Why are religious groups with greater within-group charitable giving more socially conservative and opposed to the welfare state? We propose and test a theory where religious provision of social insurance explains why fiscal and social conservatism align. The alignment disappears when there is a state church and reverses for members of a state church. This reversal is unlikely to be driven by omitted environmental variables: exogenous increases in church-state separation precede increases in the alignment between fiscal and social conservatism. The theory provides a novel explanation for religious history: as elites gain access to alternative social insurance, they judiciate increasing church-state separation to create a constituency for lower taxes. This holds if religious voters exceed non-religious voters, otherwise, elites prefer less church-state separation in order to curb the secular left, generating multiple steady states where some countries sustain high church-state separation, high religiosity, and low welfare state, and vice versa. We use this framework to explain the changing nature of religious movements, from Social Gospel to the Religious Right, and why church-state separation arose in the U.S. but not in many European countries.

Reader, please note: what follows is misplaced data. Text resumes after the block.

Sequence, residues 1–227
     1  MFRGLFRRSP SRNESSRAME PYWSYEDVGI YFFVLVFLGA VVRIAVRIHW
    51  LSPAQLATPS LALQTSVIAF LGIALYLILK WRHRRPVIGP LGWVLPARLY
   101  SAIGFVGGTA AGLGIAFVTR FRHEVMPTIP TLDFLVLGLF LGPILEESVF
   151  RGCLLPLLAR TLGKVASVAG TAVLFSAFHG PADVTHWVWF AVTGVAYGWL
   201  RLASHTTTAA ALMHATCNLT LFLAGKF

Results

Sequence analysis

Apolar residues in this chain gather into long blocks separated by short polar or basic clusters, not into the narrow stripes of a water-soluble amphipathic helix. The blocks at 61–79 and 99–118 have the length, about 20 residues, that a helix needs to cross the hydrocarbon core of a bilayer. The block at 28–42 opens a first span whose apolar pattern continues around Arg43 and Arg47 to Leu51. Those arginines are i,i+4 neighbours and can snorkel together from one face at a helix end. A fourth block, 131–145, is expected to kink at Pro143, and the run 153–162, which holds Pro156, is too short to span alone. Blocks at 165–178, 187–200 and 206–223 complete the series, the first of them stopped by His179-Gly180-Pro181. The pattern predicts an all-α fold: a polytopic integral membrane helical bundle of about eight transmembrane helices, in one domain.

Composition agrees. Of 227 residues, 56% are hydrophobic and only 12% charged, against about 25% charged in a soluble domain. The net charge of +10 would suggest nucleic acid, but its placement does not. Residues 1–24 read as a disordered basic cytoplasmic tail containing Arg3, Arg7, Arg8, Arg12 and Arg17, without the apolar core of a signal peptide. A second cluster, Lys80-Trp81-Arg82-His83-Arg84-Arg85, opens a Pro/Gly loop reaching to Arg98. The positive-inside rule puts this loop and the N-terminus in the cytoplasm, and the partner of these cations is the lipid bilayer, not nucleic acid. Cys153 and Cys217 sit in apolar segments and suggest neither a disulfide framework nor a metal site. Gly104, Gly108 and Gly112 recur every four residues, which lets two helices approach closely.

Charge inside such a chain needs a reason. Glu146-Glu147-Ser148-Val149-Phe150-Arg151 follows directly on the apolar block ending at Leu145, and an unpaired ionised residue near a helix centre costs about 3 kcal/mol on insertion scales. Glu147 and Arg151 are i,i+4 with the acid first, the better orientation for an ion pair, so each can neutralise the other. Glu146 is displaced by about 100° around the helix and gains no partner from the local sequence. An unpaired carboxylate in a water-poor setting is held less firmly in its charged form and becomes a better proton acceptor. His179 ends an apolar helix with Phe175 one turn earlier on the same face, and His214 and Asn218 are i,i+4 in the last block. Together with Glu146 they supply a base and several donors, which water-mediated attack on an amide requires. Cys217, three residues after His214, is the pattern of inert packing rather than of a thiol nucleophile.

Voting; Religion; Ideology; Church-State Separation; Welfare State;
- D31: Personal Income, Wealth, and Their Distributions
- D71: Social Choice • Clubs • Committees • Associations
- D78: Positive Analysis of Policy Formulation and Implementation
- I38: Government Policy • Provision and Effects of Welfare Programs
- Z12: Religion
IAST working paper, n. 16-62, October 2016